Business labour productivity, a measure of the volume of goods and services produced per hour worked, edged up in the second quarter following seven consecutive quarterly declines. Labour productivity in the quarter was 1.3% below pre-pandemic levels. In contrast, unit labour costs, which measure the payments to labour required to produce a unit of output, continued to trend higher and were 14.5% above levels observed in late 2019 (Chart 3).Note

Improvements in Canada’s terms of trade bolstered real income growth during the first half of 2022. Real gross domestic income, a measure of the purchasing power of domestic production which incorporates relative changes in export and import prices, grew by 2.2% in the first quarter and 2.5% in the second (roughly three times the cumulative pace of real GDP growth during the first two quarters). About two thirds of this real income growth reflected improvements in the terms of trade.

Chart 3

Data table for Chart 3 
Data table for Chart 3
Table summary
This table displays the results of Data table for Chart 3 Labour productivity and Unit labour costs (appearing as column headers).
Labour productivity Unit labour costs
Q1 100 100
Q2 100.2 99.7
Q3 99.5 101.6
Q4 99.7 102.9
Q1 99.7 103.8
Q2 100.5 103.3
Q3 100.9 103.3
Q4 100.6 104.2
Q1 100.8 105.3
Q2 100.8 105.5
Q3 101.3 106.6
Q4 101.8 107.5
Q1 105.5 108.1
Q2 118.8 111.8
Q3 107.4 110.2
Q4 105.7 110.4
Q1 103.1 111.1
Q2 102.6 115.4
Q3 101.5 117.5
Q4 100.9 117.4
Q1 100.3 120.7
Q2 100.5 123.0

Slower growth in economy-wide output as borrowing costs rise

Both goods and service industries posted steady gains during the first half.Note Higher output in construction and manufacturing contributed to output growth in the first quarter, while increases in accommodation and food services, mining and oil and gas extraction, and transportation and warehousing supported growth in the second. Crop production continued to post steady gains throughout the first half of the year.

The pace of economic activity, measured month-over-month, moderated during the spring months. Output growth slowed in April (+0.2%), remained essentially unchanged in May, and then edged up 0.1% in both June and July. While activity in many client-facing services continued to ramp up towards mid-year,Note output scaled back in industries that are sensitive to interest rate changes (Chart 4).

Chart 4

Data table for Chart 4 
Data table for Chart 4
Table summary
This table displays the results of Data table for Chart 4 Oil sands extraction, Residential building construction, Motor vehicle manufacturing , Real estate agents and brokers and Computer systems design (appearing as column headers).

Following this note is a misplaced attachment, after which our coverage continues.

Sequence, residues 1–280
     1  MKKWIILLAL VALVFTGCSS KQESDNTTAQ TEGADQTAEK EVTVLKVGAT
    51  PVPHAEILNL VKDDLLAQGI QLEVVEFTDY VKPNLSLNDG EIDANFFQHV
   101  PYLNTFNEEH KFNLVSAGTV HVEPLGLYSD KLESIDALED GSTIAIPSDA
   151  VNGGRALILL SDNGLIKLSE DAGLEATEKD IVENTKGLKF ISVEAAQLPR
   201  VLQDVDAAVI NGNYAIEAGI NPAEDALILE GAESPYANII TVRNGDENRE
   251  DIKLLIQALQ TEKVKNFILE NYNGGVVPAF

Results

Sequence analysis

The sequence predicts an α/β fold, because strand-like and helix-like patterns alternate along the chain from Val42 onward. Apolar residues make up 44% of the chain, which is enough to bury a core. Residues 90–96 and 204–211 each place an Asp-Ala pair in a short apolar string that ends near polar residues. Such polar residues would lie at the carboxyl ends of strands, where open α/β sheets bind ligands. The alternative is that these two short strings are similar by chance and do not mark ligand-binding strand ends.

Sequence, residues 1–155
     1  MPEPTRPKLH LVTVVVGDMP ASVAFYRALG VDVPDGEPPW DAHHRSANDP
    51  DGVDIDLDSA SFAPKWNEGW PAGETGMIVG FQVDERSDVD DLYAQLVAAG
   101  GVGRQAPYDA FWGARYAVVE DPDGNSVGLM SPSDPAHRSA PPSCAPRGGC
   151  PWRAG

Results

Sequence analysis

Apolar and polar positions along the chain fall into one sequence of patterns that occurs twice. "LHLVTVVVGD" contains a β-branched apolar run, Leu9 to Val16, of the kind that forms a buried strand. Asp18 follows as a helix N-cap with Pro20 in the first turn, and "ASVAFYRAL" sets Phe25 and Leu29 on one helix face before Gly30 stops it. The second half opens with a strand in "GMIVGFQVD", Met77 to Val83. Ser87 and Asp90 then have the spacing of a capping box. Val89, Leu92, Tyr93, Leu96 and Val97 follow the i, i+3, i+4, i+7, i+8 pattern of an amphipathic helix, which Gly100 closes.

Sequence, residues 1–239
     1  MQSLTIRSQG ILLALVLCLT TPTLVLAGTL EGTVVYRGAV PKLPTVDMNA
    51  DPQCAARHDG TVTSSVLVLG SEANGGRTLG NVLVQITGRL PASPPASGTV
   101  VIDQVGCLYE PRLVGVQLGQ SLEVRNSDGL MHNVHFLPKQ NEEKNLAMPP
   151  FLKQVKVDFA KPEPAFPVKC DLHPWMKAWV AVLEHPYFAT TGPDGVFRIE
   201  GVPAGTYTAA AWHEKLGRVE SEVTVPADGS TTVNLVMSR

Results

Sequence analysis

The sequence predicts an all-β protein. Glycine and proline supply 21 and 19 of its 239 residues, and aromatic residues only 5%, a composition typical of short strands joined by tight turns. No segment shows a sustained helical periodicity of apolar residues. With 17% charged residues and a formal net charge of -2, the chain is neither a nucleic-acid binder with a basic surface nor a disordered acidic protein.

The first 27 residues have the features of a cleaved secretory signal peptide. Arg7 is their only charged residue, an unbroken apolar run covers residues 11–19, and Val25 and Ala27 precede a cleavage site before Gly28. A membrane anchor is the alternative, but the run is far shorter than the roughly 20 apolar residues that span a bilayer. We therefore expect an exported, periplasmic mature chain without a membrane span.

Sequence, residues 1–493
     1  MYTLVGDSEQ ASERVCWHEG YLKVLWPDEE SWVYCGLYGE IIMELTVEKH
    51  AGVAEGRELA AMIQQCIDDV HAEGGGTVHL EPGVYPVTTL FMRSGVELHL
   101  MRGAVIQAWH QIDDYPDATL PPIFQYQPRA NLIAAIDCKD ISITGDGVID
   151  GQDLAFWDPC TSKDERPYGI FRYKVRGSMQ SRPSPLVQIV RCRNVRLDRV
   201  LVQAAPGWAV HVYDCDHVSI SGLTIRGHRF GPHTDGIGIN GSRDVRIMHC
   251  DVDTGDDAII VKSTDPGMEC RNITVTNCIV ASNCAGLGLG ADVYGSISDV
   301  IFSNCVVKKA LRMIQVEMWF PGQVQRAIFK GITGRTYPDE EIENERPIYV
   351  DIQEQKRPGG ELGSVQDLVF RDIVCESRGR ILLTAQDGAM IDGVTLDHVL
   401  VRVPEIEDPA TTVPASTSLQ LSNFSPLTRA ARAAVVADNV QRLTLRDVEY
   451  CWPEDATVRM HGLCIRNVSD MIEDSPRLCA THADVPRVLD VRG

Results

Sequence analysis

Oil sands extraction Residential building construction Motor vehicle manufacturing Real estate agents and brokers Computer systems design
June 100 100 100 100 100
July 101.9 96.2 94.3 97.8 101.2
Aug. 101.3 96.0 90.2 98.1 102.3
Sept. 105.4 94.7 65.8 98.4 104.3
Oct. 109.3 95.5 96.0 106.1 105.4
Nov. 104.2 95.2 105.2 104.8 106.9
Dec. 100.1 93.1 113.7 103.7 108.7
Jan. 98.5 96.5 94.4 102.7 110.4
Feb. 100.8 97.2 112.3 104.6 111.9
Mar. 103.3 98.6 120.6 94.0 113.5
Apr. 109.1 97.5 130.4 84.2 114.4
May 104.8 95.0 101.1 79.5 115.3
June 102.0 94.1 105.3 75.1 116.5
July 107.2 94.2 109.3 72.5 117.1

Real estate agents and brokers posted five consecutive declines from March to July as homebuyers adjusted to higher borrowing costs. After peaking at nearly 50% above pre-pandemic levels in March 2021, activity at agents and brokers in July was 11% below its pre-COVID baseline, the lowest level since activity began to recover from the initial lockdowns. Legal services, which are strongly impacted by housing market activity, also fell steadily from March to July.

Construction posted four consecutive declines from April to July, but remained slightly above pre-pandemic levels. Residential, non-residential and repair construction all edged down in the spring months.

Businesses anticipate continued challenges related to inflation and supply chains

Data for the third quarter from the Canadian Survey on Business Conditions continue to underscore the cost pressures and logistical challenges facing many companies. Three in five businesses expect rising inflation to be an obstacle over the next three months, while almost half expect challenges related to higher input costs. About one-third of businesses expect to raise prices over the coming months.

Supply chain disruptions continue to be widely anticipated. Over one-quarter of businesses expect challenges acquiring inputs, products or supplies domestically over the next three months, with over half of these businesses anticipating that supply challenges will continue for six months or more.

Inflationary pressures remain widespread as gas prices ease

Headline consumer inflation rose steadily during the first half of 2022, reaching a forty year high of 8.1% in June. During this period, higher prices for gasoline, shelter, food and durables have all put upward pressure on consumer inflation, as supply disruptions coupled with strong demand have continued to fuel price growth. Excluding gasoline, annual price growth accelerated steadily to 6.5% in June as inflationary pressures remained widespread.Note

Headline consumer inflation eased during the summer months on lower gasoline prices. August marked the seventeenth consecutive month that the headline rate (+7.0%) has been above three percent, and the sixth consecutive month above six percent.

Chart 5

Data table for Chart 5 
Data table for Chart 5
Table summary
This table displays the results of Data table for Chart 5 All-items, Food and Shelter (appearing as column headers).
All-items Food Shelter
Jan.  100 100 100
Feb. 100.6074412 100 100.2147459
Mar. 100.9111617 99.6544575 100.2147459
Apr. 101.2148823 100.0691085 100.4294918
May 101.2908125 99.9308915 100.5010737
June 101.4426727 100.6219765 100.5726557
July 101.9741838 100.967519 100.9305655
Aug. 101.8982536 100.829302 101.0737294
Sept. 101.5186029 100.138217 101.2884753
Oct. 101.8223235 99.9308915 101.6463851
Nov. 101.3667426 100.967519 101.861131
Dec. 101.2908125 101.935038 101.861131
Jan. 101.4426727 102.76434 102.3622047
Feb. 102.126044 103.178991 102.6485326
Mar. 102.8094153 103.2480995 102.9348604
Apr. 103.2649962 102.9716655 103.1496063
May 103.7205771 103.455425 103.2211883
June 103.4927866 104.14651 103.0780243
July 104.0242976 104.7684865 103.2927702
Aug. 103.8724374 104.422944 103.5075161